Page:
Thaddeus Ladd collaborates on quantum communication for Q-NEXT 

Leah Hesla
Thaddeus Ladd

In 1998, scientist Thaddeus Ladd started graduate school at Stanford University knowing he wanted to find a practical way to build a quantum computer. A flurry of research publications at the time were describing new or newly discovered algorithms and physics principles that might be applied in the future construction of a quantum computer, and researchers were proposing quantum-computer schemes left and right. 

“I went to grad school thinking, ‘I’m going to figure out the practical way to do this, to figure out which of these proposals are going to work,’” Ladd said. “I’m still doing that 23 years later.” 

Ladd, a principal scientist at HRL Laboratories, a Q-NEXT industry partner, is also the co-design engineer for the Q-NEXT Quantum Communication Thrust. In that role, he assesses HRL’s and other industry partners’ areas of overlap with Q-NEXT’s mission to develop the science and technology for distributing quantum entanglement, provides direction for the collaboration, and helps build technologies for quantum networks. 

Ladd started at the Malibu-based company in 2009, around the time that certain key technologies were taking a promising turn, auguring a favorable outlook for the realization of a practical quantum computer. Tech company investment in quantum science and engineering was taking off, and the term “quantum industry” was breaking into the lexicon.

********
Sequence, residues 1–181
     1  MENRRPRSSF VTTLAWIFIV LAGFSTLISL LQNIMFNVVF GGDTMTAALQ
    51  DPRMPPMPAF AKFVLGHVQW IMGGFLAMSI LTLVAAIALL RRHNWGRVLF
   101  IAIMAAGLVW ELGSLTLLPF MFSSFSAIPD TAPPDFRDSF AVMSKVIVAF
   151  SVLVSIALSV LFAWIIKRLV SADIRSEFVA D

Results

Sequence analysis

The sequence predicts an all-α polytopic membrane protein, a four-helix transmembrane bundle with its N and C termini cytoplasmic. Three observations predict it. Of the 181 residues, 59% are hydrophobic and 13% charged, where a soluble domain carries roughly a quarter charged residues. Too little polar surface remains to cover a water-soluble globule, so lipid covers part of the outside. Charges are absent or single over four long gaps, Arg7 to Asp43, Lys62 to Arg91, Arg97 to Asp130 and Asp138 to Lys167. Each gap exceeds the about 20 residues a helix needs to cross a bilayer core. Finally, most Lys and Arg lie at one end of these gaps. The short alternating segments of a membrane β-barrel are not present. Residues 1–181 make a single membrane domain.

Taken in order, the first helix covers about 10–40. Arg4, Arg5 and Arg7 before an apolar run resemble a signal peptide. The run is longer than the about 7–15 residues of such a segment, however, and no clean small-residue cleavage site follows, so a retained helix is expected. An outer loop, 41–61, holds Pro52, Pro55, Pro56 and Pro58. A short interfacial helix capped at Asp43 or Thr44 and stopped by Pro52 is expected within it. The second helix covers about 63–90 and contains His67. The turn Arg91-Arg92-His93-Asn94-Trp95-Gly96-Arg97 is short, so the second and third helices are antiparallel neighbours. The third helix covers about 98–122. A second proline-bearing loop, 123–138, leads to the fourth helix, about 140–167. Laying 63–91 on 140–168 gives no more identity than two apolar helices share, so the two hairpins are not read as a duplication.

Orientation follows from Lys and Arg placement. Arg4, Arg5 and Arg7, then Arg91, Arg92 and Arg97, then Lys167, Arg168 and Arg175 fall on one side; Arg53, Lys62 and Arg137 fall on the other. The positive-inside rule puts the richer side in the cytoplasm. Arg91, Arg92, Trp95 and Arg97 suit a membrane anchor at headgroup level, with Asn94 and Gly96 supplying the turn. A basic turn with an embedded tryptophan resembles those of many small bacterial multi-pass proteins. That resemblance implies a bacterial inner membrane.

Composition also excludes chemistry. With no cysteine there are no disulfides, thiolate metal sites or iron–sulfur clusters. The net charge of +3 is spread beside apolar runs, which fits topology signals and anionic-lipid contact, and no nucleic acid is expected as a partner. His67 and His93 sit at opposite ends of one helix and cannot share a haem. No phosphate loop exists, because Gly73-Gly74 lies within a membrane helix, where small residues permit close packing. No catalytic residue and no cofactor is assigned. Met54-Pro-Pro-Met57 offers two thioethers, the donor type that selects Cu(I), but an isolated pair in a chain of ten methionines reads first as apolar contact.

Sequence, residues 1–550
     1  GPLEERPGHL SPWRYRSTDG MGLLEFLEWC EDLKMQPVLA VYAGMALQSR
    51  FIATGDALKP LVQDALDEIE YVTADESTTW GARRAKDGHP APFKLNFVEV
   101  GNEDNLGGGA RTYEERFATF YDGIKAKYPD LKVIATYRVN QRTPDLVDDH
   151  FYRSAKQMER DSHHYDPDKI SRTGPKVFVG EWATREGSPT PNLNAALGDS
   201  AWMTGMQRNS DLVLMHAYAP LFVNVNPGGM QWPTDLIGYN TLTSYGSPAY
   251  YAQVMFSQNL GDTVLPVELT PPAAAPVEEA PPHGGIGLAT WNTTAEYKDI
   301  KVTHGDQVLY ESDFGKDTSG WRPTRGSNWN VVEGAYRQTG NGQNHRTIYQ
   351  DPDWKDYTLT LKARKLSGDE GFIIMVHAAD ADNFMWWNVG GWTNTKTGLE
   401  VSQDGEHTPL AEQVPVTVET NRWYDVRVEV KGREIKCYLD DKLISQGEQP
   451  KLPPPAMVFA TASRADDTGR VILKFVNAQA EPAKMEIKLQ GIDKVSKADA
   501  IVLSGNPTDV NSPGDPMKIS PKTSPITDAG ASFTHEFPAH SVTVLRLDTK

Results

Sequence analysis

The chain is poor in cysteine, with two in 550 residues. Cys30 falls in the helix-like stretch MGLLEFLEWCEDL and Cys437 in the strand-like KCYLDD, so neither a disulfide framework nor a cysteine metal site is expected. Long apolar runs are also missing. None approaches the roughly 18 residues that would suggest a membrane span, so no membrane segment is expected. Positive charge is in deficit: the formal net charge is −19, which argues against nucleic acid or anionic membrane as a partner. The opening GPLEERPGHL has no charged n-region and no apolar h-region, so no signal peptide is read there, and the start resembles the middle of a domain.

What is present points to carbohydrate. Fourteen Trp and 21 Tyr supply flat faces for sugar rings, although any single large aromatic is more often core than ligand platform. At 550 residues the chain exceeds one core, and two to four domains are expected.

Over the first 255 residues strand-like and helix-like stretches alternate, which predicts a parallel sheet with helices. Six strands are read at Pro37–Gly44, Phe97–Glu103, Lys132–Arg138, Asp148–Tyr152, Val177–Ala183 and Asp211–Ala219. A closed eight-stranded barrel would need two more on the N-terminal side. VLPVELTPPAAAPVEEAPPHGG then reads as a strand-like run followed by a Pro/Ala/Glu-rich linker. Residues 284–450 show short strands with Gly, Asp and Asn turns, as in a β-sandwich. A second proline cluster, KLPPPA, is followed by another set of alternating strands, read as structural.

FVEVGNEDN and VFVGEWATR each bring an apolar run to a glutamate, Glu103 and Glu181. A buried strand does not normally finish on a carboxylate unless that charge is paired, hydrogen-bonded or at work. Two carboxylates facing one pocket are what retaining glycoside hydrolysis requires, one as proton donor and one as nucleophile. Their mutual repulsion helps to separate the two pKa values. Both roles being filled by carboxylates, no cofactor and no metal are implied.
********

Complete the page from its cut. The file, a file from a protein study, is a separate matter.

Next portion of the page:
“All these different factors led multiple commercial entities to say, ‘Oh, quantum computers. Maybe we should start paying attention,’” Ladd said. “Now the world is completely different.” 

Different in ways both sweeping — one can barely open a popular-science website without reading about the race to build a practical quantum computer — and particular. For one, the quantum industry is now paying closer attention to new and emerging materials with particular promise for quantum information, such as silicon carbide.

Until about 20 years ago, silicon carbide was seen as nothing grander than an abrasive or a go-to for strengthening metals. As its use in high-power electronics has advanced the material in the last two decades, a number of researchers, including several Q-NEXT partners, have recognized it as a potential goldmine for the development of quantum devices. 

Ladd manages an integrated quantum photonics program at HRL, leading a team that explores silicon carbide for developing qubits and quantum interconnects. The group collaborates with Q-NEXT partners at Stanford University, the University of Chicago and the University of Illinois at Urbana-Champaign to advance silicon carbide for quantum communication, for example, in quantum repeaters.